In above embodiments, a gain word in accordance with which the control means sets a number of four MOSFETs to a high impedance value or a low impedance value between the drain terminal and the source terminal comprises a number of four bits. However, any length of the gain word or any numbers of the bits are alternatives thereto, as a result of which any number of values of the variable impedance 75 or of the alterable impedance 155 may be adjusted.

What is also feasible is that in the embodiments shown in FIG. 3 and FIG. 5, the gate terminal of the MOSFETs has not only a logically high level or a logically low level applied thereto, but in this context, any number of logical levels may be selected as a function of which a respective number of impedance values may then be adjusted between the drain terminal and the source terminal of the MOSFETs.

In above embodiments, the control means, not shown, determines an amplification, to be adjusted, of the amplifier element, and subsequently adjusts the values of the alterable impedance via logical levels of the signals at the gate terminals of the MOSFETs. However, alternatively, the values of the alterable impedance may be adjusted in any manner desired, it also being possible to linearly adjust the value of the alterable impedance 155 or the value of the variable impedance 75 upon any change in the operating point of the field-effect transistor 13. Advantageously, linear adjustment of the values of the variable impedance may be effected as a function of the amplification of the field-effect transistor 13, or of the amplification of the amplifier circuit.

In above embodiments, the control means advantageously determines the amplification, to be adjusted, of the amplifier circuit on the basis of a specific number of potential values of the amplification. It subsequently adjusts a value of the impedance element as a function of the value, to be adjusted, of the amplification. In this context, each value of the amplification advantageously has a specific value of the impedance element associated with it. However, arbitrary associations are also possible, it being possible to associate one value, respectively, of the adjustable impedance with a plurality of amplification values.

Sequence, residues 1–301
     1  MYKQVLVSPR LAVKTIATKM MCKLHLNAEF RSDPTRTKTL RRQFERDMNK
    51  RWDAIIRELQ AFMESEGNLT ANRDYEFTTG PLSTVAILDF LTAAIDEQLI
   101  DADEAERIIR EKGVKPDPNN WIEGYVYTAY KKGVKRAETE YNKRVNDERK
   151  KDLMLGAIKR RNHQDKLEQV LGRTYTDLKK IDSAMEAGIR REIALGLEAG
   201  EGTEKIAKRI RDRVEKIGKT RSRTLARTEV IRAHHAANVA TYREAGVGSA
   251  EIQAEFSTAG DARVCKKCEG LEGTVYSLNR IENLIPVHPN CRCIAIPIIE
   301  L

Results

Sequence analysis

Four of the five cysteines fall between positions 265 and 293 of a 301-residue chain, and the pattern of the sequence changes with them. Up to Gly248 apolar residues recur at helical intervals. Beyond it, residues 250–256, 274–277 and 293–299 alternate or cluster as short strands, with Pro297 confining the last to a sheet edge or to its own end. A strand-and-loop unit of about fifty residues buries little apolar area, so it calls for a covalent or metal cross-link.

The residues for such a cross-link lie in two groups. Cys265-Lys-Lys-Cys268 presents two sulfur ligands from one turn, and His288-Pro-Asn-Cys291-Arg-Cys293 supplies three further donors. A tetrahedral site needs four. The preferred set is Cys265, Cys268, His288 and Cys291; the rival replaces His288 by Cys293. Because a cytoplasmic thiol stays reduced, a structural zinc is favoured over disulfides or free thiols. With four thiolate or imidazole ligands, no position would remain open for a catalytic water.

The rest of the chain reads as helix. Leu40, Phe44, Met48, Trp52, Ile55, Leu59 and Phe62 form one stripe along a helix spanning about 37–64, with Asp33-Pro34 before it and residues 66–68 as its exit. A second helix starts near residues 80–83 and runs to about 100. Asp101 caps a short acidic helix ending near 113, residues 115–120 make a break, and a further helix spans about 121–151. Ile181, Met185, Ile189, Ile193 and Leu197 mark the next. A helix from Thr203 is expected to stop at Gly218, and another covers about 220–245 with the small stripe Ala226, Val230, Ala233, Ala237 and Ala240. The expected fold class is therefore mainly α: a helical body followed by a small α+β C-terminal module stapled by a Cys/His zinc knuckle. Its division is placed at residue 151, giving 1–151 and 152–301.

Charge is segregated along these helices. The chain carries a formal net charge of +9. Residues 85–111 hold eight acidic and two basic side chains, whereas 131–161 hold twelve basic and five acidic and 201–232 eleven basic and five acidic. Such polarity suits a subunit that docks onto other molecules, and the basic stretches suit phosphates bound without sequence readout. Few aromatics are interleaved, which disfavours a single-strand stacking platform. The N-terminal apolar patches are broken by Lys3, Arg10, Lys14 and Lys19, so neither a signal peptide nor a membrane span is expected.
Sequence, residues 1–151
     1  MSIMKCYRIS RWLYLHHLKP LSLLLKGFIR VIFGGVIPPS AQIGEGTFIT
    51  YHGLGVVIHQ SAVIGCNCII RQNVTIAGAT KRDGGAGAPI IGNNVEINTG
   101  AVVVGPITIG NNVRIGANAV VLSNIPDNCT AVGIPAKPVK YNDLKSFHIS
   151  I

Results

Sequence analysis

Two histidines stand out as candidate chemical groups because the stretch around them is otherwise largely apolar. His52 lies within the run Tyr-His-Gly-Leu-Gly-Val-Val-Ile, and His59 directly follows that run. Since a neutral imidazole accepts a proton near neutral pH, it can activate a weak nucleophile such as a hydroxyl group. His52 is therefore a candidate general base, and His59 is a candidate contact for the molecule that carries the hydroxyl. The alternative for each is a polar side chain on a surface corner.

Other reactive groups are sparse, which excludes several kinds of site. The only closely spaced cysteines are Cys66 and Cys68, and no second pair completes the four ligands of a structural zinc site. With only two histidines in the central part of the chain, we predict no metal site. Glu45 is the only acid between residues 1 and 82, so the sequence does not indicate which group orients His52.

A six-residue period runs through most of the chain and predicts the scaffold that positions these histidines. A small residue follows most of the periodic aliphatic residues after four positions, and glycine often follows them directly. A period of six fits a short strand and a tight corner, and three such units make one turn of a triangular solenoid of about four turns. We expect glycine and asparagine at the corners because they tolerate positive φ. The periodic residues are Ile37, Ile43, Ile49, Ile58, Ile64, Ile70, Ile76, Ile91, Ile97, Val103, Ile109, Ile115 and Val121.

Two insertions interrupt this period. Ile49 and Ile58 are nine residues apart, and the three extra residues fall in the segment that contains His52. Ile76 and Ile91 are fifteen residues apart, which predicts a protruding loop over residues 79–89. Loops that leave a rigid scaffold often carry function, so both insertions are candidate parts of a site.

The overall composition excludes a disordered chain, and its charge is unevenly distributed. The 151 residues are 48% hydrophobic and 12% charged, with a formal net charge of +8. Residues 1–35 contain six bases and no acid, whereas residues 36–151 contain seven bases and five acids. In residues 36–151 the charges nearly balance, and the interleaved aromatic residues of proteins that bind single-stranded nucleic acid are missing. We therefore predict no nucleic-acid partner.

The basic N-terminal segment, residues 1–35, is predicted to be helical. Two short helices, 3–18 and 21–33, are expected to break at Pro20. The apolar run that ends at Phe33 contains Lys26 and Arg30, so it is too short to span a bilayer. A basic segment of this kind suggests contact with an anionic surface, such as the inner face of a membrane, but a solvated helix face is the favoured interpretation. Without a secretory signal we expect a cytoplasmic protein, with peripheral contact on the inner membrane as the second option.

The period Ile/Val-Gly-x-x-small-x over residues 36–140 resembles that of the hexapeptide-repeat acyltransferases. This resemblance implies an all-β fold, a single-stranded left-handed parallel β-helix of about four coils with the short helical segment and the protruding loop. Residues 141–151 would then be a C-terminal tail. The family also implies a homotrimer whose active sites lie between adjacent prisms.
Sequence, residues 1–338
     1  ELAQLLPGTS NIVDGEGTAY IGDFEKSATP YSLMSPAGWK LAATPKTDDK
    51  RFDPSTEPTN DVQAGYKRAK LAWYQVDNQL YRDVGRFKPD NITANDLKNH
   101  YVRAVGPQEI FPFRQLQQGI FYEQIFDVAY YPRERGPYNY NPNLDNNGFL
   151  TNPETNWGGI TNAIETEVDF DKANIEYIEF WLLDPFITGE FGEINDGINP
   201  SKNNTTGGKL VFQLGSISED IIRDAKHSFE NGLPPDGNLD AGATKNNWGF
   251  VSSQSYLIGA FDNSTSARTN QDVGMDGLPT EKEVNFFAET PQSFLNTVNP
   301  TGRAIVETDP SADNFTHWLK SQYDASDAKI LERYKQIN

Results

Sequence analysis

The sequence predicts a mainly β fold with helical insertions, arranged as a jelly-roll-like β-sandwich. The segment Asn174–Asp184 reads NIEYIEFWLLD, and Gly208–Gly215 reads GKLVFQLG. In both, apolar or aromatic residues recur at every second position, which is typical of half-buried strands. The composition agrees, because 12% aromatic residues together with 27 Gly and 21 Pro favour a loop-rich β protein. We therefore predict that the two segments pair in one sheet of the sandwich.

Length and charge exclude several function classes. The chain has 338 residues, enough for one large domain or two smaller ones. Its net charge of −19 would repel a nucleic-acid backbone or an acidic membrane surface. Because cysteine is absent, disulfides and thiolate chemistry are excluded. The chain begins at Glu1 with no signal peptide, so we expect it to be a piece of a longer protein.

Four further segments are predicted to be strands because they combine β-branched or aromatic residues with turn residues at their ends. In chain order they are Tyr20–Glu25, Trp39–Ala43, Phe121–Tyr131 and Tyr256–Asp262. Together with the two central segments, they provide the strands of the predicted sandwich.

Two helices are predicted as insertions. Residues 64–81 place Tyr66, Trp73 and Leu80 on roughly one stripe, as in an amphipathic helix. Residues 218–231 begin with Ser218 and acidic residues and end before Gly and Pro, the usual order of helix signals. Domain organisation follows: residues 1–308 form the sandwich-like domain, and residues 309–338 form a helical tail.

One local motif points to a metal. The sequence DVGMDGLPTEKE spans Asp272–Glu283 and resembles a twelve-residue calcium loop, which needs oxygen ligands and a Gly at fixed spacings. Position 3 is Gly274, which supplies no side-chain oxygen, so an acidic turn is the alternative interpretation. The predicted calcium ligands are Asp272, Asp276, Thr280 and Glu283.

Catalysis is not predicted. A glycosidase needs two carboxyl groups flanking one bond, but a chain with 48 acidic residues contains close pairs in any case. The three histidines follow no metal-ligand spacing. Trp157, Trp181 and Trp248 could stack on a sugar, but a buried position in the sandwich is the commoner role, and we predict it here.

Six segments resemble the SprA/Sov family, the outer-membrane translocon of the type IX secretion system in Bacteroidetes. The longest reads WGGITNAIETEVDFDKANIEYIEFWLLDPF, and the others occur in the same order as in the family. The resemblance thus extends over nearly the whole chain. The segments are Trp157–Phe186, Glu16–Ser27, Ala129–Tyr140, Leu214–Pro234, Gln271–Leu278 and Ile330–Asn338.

What is also feasible here is to adjust the amplification of the amplifier element and to adjust the alterable impedance on the part of the impedance adjustment means in such a manner that the impedance adjustment means determines whether the amplification of the field-effect transistor or of the amplifier element is in a first range or in a second range of the amplifier values, and such that the impedance adjustment means subsequently adjusts the impedance value to have a first value or a second value.

In the common-gate LNA 101 shown in FIG. 3, the control means not shown determines, for example as a function of an output signal, a current to be fed in at the BIAS terminal of the current mirror circuit 103 c so as to achieve an amplification, as well as a gain word which here consists of four bits, for example. Further, what is also feasible is to determine the current which is to be fed in at the BIAS terminal 103 c, and the gain word as a function of an input signal at an input terminal 109.

In above embodiments, the alterable impedance advantageously is an ohmic resistor, but any alterable impedances, such as reactances, are alternatives thereto.

In above embodiments, the amplifier circuit is implemented as a low-noise amplifier, but any amplifier circuits are alternatives thereto.

While this invention has been described in terms of several embodiments, there are alterations, permutations, and equivalents which fall within the scope of this invention. It should also be noted that there are many alternative ways of implementing the methods and compositions of the present invention. It is therefore intended that the following appended claims be interpreted as including all such alterations, permutations and equivalents as fall within the true spirit and scope of the present invention.

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Reference
1English translation of the official communication issued in counterpart International Application No. PCT/EP2005/008269, mailed on Jun. 19, 2008.
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Classifications
U.S. Classification330/284, 330/283
International ClassificationH03G3/30
Cooperative ClassificationH03F2200/372, H03F1/56, H03F2200/294
European ClassificationH03F1/56